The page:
SAMs may be recommended on a case-by-case basis by the FBI and prosecuting U.S. Attorney’s Office (USAO) independently or jointly through the OEO and are initiated during either the pretrial or post-trial period. The OEO reviews the initial SAMs requests, and after obtaining the necessary supporting documentation, prepares a memorandum to the Attorney General presenting the request and the measures to be implemented. The Attorney General approves all original impositions of SAMs, and the Assistant Attorney General for the Criminal Division can approve SAMs extensions or modifications to existing SAMs. After the OEO drafts and submits an application for SAMs, it has no role in implementation or oversight, except during the renewal process. SAMs can be ordered for a year at a time and renewed at 1-year intervals indefinitely. The requesting agency must renew a SAMs application through the OEO, which reviews the request to determine the continued need for the special monitoring measures. Since March 2005, the BOP has worked with the FBI and OEO to standardize the conditions set forth in each SAMs to ensure consistency in application and monitoring of the SAMs inmates by the BOP and FBI. As of May 2006, there were 34 BOP inmates under SAMs.

The FBI’s specific responsibilities related to monitoring pretrial and post-conviction inmates with SAMs are summarized in Appendix III. The FBI also is responsible for conferring with the USAO when SAMs are initially proposed. The USAO’s primary role in monitoring communications is to work with the FBI to identify inmates who are appropriate for SAMs. On occasion, a USAO is involved in the actual monitoring of inmate communications. In those instances, the USAO receives copies of communications from the FBI, and both components review the communications and any translations.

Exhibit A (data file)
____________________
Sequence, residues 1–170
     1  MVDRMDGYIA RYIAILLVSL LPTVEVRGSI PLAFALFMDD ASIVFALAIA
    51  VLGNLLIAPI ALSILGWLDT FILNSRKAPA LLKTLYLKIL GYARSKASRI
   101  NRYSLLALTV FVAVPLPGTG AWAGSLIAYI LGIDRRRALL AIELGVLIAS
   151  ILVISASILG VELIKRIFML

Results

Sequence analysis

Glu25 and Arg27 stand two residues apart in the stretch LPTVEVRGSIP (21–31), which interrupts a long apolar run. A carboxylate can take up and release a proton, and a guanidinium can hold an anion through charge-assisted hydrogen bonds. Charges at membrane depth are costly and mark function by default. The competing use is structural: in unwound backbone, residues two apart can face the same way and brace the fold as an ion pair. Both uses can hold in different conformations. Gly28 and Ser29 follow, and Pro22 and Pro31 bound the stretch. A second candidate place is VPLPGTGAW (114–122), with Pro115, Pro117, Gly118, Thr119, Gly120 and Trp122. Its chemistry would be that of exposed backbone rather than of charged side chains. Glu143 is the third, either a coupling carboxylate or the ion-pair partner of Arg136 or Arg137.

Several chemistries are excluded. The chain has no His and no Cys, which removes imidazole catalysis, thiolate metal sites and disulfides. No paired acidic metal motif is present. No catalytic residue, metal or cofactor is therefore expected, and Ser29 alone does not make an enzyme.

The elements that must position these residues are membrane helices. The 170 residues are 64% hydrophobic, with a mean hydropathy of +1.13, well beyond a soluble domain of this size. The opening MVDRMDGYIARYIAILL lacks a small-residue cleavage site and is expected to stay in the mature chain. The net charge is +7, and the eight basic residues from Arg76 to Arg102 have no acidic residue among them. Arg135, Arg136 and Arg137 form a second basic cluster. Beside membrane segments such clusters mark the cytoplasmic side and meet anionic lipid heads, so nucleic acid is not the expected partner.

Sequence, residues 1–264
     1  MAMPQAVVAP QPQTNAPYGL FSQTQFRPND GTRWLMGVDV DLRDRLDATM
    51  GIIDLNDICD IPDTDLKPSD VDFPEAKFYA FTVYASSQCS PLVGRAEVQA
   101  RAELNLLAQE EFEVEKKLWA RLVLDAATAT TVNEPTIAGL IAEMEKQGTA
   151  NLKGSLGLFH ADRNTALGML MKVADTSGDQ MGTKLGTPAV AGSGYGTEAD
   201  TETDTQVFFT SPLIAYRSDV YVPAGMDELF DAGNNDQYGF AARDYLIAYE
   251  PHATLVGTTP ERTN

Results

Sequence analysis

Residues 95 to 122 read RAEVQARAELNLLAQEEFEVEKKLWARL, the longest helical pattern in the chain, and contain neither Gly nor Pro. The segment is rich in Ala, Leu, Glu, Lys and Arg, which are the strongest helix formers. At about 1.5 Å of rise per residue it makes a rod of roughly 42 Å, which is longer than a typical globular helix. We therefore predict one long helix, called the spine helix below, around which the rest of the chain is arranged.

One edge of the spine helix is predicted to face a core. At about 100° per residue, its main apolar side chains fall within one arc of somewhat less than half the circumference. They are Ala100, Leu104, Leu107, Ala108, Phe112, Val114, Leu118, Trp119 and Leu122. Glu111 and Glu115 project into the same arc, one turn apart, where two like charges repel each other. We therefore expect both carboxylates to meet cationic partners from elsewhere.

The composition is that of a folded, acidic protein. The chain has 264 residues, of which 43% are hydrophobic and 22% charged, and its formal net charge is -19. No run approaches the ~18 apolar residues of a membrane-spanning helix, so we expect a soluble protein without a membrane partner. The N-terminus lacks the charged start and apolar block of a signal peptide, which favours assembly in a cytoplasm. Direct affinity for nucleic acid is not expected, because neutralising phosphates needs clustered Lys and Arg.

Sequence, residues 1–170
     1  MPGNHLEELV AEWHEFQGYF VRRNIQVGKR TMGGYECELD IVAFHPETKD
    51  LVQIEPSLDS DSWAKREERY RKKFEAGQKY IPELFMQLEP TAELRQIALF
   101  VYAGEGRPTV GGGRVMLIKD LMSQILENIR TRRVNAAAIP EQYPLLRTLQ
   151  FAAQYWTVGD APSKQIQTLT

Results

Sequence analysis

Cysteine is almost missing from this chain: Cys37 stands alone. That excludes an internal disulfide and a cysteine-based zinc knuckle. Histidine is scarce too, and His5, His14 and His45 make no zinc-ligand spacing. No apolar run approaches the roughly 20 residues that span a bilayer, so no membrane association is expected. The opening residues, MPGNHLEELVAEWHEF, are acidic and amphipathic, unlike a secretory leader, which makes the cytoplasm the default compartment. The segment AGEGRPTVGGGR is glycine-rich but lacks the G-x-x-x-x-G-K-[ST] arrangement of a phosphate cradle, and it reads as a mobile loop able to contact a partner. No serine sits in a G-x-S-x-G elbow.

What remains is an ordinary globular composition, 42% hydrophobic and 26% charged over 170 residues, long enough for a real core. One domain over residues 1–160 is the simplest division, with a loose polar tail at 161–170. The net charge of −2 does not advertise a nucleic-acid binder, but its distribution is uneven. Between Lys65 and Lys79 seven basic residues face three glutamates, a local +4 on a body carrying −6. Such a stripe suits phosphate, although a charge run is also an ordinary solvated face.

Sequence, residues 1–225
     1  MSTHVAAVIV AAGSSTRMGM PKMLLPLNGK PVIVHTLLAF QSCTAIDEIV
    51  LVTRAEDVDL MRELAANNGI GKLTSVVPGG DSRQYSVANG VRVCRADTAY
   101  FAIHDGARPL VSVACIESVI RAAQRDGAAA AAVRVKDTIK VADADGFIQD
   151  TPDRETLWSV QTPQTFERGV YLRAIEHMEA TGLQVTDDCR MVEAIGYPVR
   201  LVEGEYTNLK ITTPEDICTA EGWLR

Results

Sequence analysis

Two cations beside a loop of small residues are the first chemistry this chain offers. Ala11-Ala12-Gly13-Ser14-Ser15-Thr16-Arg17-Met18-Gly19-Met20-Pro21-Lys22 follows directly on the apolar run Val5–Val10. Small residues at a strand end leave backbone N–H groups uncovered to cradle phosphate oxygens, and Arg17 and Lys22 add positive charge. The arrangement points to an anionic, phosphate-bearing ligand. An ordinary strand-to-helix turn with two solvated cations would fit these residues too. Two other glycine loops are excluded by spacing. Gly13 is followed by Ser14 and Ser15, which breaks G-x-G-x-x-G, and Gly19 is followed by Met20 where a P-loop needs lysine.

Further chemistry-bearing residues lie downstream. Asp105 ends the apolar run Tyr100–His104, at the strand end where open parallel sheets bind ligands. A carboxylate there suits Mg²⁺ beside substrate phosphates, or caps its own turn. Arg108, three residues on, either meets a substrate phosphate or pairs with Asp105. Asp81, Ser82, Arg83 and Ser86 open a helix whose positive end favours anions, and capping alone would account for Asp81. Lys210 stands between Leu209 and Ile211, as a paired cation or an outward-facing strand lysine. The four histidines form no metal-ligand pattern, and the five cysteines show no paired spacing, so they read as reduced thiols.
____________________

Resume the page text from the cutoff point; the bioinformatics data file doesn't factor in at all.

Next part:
Although the USAO ordinarily drafts SAMs requests to the OEO, on one occasion the Counterterrorism Section (CTS) in the Criminal Division has originated such requests.48 In March 2005, when the three World Trade Center bombers incarcerated at ADX Florence were discovered to be corresponding with other Islamic extremists in prisons abroad, the CTS drafted SAMs for these three inmates after requesting and receiving documentary justification from the FBI’s Counterterrorism Division. Although there is no requirement for the USAO, FBI, or OEO to coordinate SAMs requests for terrorism inmates with the CTS, they are encouraged by the CTS to do so.49

The BOP Cost Savings Plan

In 2004, the BOP initiated a cost savings plan in response to budget cuts that has reduced institutions’ SIS and ISM staffing, including staff responsible for mail and telephone monitoring. During one phase of the plan, the BOP is centralizing key ISM functions – sentence computation and security classification – to a single facility in Grand Prairie, Texas, thereby eliminating 124 positions. In the nine institutions we visited with mailrooms, this centralization of ISM functions had decreased the number of ISM staff available to help sort, screen, and randomly monitor inmate mail when needed.50